As sexual assault allegations against Senate candidate Roy Moore continue to make national headlines, one Brookline attorney decided it was time to take things into his own hands.
For J. Whitfield Larrabee, the calls for Moore to simply drop out of the Alabama race aren’t enough. Larrabee argues that Moore needs to have his license to practice law in the state revoked.
Moore, a former chief justice of Alabama’s Supreme Court and a candidate for US Senate, has been accused of having had inappropriate relationships with teenage girls, including a 14-year-old, while in his 30s.
In a complaint filed to the Alabama State Bar’s disciplinary commission Thursday, Larrabee presented his argument, laying out three rules from the Alabama Rules of Professional Conduct that he says Moore has broken.
Count 1: “Moore violated Rule 8.4(b) of the Alabama Rules of Professional Conduct by engaging in criminal conduct that reflects ‘adversely on the lawyer’s honesty, trustworthiness or fitness as a lawyer in other respects.’ ”
Count 2: “Moore engaged in conduct involving dishonesty, fraud, deceit or misrepresentation in violation of Rule 8.4(c) of the Alabama Rules of Professional Conduct.”
Count 3: “Roy violated and continues to violate Rule 8.4(d) of the Alabama Rules of Professional Conduct by engaging ‘in conduct that is prejudicial to the administration of justice.’ ”
Larrabee writes that Moore has allegedly engaged in several types of misconduct, including numerous instances of sexual assault, witness intimidation, threats to file baseless litigation, publicly lying to cover up sex crimes, disregarding a federal injunction, and interfering with the legal process.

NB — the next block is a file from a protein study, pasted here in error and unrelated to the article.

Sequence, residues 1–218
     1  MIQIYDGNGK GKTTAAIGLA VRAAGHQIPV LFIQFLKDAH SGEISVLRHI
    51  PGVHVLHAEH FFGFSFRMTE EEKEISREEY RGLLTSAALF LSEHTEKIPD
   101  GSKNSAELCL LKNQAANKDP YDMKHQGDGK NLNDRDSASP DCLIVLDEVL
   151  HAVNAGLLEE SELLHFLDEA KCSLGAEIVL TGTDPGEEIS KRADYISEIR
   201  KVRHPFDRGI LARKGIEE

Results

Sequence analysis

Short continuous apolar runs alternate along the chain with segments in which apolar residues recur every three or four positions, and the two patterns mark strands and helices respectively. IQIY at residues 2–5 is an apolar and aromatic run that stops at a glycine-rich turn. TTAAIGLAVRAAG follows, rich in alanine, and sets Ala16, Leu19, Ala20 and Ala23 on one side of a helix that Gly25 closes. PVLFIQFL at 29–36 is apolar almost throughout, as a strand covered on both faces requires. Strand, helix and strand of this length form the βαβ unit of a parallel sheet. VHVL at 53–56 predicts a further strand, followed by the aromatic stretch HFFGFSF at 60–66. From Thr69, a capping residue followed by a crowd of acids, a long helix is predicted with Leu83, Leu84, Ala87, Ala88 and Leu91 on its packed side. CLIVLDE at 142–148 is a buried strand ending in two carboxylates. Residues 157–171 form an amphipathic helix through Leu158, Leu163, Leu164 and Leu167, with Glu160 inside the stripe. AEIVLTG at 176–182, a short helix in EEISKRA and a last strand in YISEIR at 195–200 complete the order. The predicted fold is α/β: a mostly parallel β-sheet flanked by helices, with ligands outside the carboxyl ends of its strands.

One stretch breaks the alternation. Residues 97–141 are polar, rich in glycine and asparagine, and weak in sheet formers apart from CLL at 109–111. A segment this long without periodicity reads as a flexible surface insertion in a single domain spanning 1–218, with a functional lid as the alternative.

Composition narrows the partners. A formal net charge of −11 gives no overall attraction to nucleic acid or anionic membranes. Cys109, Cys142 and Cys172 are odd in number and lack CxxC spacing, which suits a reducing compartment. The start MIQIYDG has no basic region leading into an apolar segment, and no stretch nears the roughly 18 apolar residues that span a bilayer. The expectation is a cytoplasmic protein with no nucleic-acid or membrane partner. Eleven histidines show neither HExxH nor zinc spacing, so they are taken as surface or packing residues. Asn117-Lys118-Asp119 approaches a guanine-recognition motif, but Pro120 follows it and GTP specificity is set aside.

“For an attorney to be out in public, publicly lying about a very significant offense, criminal activity, and then intimidating the media on that, it’s extremely unethical,” Larrabee said in a telephone interview. “So I think that’s something — the current activities — that the disciplinary authorities in Alabama can look into.”
It is not the first time Larrabee has filed complaints against high-profile politicians and organizations, even in Alabama. Earlier this year, he filed one against Alabama native US Attorney General Jeff Sessions. He has also filed complaints about President Trump, the Trump Foundation, and Eric Trump.
Larrabee’s firm, which is located on Harvard Street in Brookline, handles a variety of litigation, including civil rights violations and sexual harassment cases.
When it comes to Moore, Larrabee said he is a “lawbreaker” who is not fit to serve in the US Senate.
“I think he’s part of the level of extremism that’s taken over the Republican Party,” Larrabee said. “He’s a hatemonger.”
Larrabee said the state will typically review his complaint and then give the subject of the complaint a chance to respond. From there, the disciplinary commission will review the case and determine whether there’s probable cause to have a hearing about the issue, he said.
Moore’s election has become a “matter of national concern,” Larrabee said, adding that everyone has a different way he or she can intervene and act.
Lawyers in Alabama, in particular, might be too intimidated to file a complaint against a powerful politician, Larrabee said, so he decided to step up.
“As an out-of-state lawyer, I’m willing to speak up,” he said. “It’s difficult for him to retaliate against me, so I have the opportunity to speak up.”